The analysis of all small molecules in an organism, i.e., the metabolome, has huge potential for medical diagnostics. Alvaro Mallagaray, Ulrich L. Günther University of Lübeck, Germany, and colleagues have used nuclear magnetic resonance (NMR) spectrometry to quantify acute-phase proteins from serum samples that act as markers for inflammatory diseases. They successfully obtained several diagnostic parameters from a single, short NMR experiment.
In addition to genomics and proteomics, metabolomics is becoming established as another mainstay of medical research and diagnosis. Bodily fluids like blood are highly complex mixtures of only partially known compounds. Metabolomic analysis is, thus, correspondingly difficult and complex. The team used advanced NMR techniques to link the metabolomes of cells and organisms to diseases.
NMR spectroscopy is based on the behavior of magnetically active atomic nuclei, primarily hydrogen (1H) and carbon (13C) under the influence of a strong external magnetic field, which varies depending on the atoms’ chemical environment. In medical diagnosis, this principle is also used in the form of magnetic resonance imaging (MRI) to image tissue.
In prior studies, NMR measurements of blood serum showed acetyl resonances of N-acetylated carbohydrates, which are linked to acute-phase glycoproteins. These carbohydrate-containing proteins arise in cases of strong immune responses to acute inflammation. Changes in the concentration of these proteins and their glycosylation pattern, i.e., the type, number, and arrangement of the carbohydrate building blocks, can vary depending on the disease in question.
The team used a series of different NMR methods to assign the NMR signals of human serum. This led them to the conclusion that two characteristic signals termed GlycA and B arise from glycans from acute-phase proteins. The two signals stem from N-acetylneuraminic acid and N-acetylglucosamine building blocks, respectively. Using diffusion-edited NMR experiments, the researchers showed that the components of these signals can be tied to specific, acute-phase proteins.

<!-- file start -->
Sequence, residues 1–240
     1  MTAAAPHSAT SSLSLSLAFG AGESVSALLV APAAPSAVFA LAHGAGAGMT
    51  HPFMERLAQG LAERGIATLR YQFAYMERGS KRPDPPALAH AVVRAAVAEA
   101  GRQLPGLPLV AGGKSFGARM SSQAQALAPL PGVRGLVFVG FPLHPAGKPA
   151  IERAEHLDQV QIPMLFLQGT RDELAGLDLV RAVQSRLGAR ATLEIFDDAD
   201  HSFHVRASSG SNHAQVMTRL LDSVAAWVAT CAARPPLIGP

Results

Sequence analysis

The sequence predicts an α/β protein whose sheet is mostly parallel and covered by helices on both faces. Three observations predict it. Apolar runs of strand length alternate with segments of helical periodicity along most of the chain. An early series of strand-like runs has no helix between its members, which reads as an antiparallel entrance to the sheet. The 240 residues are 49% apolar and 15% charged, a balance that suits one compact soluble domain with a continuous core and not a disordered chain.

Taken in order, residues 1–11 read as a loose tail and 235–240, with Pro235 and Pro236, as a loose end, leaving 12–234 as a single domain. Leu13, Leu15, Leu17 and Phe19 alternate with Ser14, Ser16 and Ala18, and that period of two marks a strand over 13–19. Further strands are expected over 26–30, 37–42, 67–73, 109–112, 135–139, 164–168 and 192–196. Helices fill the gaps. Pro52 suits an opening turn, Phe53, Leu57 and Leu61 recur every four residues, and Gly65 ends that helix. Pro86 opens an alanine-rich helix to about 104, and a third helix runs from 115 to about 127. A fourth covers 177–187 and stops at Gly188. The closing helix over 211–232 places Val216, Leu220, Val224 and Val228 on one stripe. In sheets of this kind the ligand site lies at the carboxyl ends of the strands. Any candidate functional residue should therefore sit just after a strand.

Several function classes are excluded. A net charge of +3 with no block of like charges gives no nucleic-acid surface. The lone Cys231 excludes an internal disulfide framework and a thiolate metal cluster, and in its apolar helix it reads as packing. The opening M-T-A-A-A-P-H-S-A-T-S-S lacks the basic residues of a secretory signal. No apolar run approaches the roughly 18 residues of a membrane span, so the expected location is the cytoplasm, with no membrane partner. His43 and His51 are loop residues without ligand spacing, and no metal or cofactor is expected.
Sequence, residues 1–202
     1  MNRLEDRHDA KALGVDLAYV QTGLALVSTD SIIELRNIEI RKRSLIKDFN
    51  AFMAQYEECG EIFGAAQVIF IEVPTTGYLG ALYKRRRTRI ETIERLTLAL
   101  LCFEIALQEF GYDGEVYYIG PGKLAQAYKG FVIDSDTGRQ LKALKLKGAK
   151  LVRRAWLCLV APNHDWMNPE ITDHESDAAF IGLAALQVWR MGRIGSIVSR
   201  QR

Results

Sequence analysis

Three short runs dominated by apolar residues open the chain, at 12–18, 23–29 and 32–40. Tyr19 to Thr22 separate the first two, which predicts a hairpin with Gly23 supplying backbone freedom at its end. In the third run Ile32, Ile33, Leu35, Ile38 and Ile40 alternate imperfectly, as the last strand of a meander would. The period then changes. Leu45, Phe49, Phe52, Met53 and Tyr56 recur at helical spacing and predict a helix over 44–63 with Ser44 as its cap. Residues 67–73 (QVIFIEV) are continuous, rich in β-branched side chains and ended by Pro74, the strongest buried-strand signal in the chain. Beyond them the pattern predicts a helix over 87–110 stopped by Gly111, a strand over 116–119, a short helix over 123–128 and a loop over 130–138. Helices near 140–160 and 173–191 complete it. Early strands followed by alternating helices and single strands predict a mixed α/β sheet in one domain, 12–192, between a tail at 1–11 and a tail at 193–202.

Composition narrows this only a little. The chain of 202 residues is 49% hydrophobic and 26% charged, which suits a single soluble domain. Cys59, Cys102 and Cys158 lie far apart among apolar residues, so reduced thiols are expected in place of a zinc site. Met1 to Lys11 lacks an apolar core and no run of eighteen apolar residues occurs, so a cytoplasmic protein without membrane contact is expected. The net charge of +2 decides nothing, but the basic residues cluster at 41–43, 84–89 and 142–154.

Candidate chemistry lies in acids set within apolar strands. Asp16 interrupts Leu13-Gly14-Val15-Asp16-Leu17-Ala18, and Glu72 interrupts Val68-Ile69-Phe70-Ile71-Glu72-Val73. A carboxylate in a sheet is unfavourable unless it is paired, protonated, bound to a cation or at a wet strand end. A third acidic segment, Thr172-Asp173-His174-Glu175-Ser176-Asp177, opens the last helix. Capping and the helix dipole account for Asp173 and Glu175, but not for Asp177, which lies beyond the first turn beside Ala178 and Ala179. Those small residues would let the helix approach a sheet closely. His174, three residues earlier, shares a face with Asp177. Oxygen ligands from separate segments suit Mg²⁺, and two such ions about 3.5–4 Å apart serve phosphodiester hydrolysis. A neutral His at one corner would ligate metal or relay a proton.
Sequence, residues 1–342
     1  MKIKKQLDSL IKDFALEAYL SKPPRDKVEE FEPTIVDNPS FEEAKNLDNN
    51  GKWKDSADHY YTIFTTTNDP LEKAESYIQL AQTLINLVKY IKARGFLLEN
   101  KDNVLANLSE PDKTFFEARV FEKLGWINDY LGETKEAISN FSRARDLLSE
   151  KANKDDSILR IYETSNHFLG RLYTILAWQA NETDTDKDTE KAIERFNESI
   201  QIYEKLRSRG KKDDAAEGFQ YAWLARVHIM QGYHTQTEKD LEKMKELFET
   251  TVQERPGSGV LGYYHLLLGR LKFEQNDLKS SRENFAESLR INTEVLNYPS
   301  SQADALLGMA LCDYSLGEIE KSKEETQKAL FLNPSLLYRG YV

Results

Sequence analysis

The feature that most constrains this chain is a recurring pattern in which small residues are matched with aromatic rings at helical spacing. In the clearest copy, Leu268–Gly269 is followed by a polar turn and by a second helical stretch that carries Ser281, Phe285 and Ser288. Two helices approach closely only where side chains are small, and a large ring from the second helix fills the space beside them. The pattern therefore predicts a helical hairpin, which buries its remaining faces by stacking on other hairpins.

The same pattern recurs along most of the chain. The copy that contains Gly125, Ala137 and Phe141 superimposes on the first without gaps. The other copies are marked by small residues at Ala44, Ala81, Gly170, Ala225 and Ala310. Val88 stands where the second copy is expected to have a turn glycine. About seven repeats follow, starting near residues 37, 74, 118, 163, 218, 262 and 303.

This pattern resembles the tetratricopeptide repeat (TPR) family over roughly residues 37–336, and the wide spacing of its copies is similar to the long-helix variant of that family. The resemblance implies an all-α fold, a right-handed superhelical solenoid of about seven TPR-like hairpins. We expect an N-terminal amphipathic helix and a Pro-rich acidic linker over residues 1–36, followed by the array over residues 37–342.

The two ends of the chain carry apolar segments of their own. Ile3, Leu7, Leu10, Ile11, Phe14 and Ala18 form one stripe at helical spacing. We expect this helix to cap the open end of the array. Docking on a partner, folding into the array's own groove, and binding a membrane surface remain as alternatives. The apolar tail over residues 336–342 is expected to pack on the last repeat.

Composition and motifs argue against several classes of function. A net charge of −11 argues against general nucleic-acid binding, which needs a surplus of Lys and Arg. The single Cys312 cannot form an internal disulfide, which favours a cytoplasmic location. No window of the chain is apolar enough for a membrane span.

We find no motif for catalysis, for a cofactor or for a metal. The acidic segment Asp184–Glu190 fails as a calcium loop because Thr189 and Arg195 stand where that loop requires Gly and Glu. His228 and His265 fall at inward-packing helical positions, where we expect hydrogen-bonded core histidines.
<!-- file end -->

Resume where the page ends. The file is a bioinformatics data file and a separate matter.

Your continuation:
NMR spectra allow for the simultaneous quantification of several acute-phase inflammation proteins,” according to Günther. “A proteo-metabolomic NMR signature of significant diagnostic potential is obtained within 10 to 20 minutes.”
The team studied serum samples from patients with COVID-19 or cardiogenic shock, a dangerous side effect of heart attacks. In comparison to samples from healthy individuals, they found significant changes in various specific acute-phase proteins in the serum. “In the case of Parkinson’s disease, our method provides a yes/no diagnosis, as Parkinson’s patients have a very specific glycosylation in their blood that does not occur in healthy people,” Günther adds.
- Towards a Precise NMR Quantification of Acute Phase Inflammation Proteins from Human Serum,
Alvaro Mallagaray, Lorena Rudolph, Melissa Lindloge, Jarne Mölbitz, Henrik Thomsen, Franziska Schmelter, Mohamad Ward Alhabash, Mohammed R. Abdullah, Roza Saraei, Marc Ehlers, Tobias Graf, Christian Sina, Astrid Petersmann, Matthias Nauck, Ulrich L. Günther,
Angew. Chem. Int. Ed. 2023.